The upside of nightmares: How bad dreams are also good for you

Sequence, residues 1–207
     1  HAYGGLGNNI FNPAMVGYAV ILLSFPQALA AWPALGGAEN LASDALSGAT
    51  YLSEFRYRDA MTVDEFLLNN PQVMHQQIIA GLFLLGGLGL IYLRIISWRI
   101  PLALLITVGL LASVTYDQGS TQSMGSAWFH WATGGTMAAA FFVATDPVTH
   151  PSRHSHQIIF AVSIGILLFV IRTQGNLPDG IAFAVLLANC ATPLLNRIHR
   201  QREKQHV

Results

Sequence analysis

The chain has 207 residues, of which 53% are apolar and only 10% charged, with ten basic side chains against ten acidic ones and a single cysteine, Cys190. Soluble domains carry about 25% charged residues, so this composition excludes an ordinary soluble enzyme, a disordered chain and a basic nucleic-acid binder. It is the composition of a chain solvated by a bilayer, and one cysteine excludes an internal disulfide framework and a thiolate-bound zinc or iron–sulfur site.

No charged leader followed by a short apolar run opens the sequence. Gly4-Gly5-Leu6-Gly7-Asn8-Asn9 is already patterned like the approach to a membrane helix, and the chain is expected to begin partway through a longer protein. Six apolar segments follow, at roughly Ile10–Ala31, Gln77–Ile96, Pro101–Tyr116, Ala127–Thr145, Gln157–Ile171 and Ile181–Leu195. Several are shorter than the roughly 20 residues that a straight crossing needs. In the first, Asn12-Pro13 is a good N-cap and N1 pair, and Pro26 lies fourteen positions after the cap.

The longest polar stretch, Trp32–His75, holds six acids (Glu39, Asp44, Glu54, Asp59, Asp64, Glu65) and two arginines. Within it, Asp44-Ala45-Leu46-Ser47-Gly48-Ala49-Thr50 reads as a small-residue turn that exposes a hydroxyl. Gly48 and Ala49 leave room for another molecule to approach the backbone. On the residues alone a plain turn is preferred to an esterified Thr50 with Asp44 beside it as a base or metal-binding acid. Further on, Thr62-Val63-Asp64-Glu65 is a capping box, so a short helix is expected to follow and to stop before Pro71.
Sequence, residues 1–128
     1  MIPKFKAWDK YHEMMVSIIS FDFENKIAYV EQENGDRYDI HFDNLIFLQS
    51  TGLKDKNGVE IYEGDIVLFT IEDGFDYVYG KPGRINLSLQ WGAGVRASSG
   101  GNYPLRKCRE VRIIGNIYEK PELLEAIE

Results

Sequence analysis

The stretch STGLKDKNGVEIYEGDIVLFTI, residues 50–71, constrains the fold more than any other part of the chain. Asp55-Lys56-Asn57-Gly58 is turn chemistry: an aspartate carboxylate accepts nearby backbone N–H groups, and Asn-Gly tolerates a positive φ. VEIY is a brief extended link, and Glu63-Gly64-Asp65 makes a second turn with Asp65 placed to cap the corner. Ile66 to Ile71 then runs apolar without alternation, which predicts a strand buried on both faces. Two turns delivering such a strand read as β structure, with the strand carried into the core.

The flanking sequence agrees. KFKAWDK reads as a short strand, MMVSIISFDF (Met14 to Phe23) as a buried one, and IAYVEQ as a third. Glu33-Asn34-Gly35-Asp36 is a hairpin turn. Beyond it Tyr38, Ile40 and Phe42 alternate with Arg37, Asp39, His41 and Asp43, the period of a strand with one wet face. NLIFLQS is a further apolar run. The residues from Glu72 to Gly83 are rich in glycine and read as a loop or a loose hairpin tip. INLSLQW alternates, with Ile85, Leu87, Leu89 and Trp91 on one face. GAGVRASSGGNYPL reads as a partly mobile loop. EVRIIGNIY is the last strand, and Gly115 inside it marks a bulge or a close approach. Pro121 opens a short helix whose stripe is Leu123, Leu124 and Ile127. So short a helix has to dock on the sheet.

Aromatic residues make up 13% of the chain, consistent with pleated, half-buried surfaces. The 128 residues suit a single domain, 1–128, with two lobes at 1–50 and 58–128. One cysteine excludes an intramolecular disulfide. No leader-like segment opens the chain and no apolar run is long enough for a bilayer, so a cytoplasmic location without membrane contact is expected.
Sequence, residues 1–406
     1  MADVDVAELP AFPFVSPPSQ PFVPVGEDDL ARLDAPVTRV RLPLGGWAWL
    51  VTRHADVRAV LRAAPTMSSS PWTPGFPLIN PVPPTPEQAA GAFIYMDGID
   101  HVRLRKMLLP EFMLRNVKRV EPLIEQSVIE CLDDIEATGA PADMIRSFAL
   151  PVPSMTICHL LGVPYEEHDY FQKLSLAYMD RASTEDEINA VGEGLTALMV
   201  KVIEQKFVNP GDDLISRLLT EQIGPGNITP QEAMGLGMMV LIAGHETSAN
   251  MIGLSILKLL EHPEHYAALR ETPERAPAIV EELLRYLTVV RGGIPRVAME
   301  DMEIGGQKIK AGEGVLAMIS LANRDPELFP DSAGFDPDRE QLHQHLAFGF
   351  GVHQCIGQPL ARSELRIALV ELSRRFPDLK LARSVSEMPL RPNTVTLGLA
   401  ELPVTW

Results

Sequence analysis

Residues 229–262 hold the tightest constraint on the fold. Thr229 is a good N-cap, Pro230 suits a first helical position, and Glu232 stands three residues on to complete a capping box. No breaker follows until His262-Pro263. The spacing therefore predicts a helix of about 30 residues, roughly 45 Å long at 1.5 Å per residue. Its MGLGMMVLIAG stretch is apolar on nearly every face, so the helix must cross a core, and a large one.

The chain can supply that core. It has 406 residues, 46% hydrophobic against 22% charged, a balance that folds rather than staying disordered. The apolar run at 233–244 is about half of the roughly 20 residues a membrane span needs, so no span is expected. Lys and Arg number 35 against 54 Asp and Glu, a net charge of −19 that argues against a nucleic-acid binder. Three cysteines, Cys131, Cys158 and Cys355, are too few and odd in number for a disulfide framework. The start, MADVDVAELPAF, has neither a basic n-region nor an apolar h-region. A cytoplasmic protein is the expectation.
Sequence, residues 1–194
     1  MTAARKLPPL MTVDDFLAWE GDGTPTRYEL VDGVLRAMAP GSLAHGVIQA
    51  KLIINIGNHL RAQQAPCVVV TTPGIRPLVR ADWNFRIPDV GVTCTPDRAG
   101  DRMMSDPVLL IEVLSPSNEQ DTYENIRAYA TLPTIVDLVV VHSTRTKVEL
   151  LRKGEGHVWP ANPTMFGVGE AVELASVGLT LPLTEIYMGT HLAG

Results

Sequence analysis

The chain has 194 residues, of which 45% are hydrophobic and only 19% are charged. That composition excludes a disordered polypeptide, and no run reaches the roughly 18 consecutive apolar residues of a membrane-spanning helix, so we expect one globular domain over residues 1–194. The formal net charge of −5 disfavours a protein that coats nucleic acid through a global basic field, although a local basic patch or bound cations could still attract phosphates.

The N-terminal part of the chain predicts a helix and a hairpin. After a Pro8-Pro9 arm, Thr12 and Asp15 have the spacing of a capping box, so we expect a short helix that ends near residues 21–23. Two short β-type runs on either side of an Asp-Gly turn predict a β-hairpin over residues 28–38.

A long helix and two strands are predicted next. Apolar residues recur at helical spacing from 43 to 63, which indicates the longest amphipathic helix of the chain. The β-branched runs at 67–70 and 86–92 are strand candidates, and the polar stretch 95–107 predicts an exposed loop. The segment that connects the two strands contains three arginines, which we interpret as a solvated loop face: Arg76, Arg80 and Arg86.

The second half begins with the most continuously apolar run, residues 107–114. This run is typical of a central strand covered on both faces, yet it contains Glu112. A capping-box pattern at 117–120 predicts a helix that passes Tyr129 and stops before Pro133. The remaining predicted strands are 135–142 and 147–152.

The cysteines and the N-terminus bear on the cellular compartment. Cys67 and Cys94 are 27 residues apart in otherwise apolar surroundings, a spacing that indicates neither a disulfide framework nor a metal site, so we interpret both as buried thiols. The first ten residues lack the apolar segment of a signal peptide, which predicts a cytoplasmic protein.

Morgan Schweitzer By Michelle Carr The earliest dream Chris could remember was one that haunted his mind for months during preschool. In it, he watched family members and pets melting during a house fire. They turned into “several humongous blobs that resembled bubbling pizza topping”, each containing fragments of their body parts. More than 25 years later, the images still haunt him. For Jess, nightmares marked a difficult time in her late teens when she was struggling with anxiety. “I would sometimes miss weeks of school because of my nightmares,” she now recalls, several years later. “I couldn’t sleep, I couldn’t function.” Jess remembers nights spent half awake, falling in and out of a recurring nightmare where she was unable to scream or move, engulfed by paralysing fear. Even after waking, she couldn’t escape the feeling of helplessness. Chris and Jess both responded to a “Get Paid to Nap!” advert inviting people who had at least two nightmares a week to take part in a research study. Early one morning in late 2014, they arrived at my workplace – the Dream and Nightmare Laboratory in the Center for Advanced Research in Sleep Medicine in Montreal, Canada. They and other volunteers ran through questionnaires, tests of creativity and reported their waking daydreams before we pasted electrodes to their scalps and bodies and finally asked them to take a nap. What we and other labs have found is casting nightmares in a new light. Horrific as having them frequently can be, it also seems to endow more regular positive dreams,
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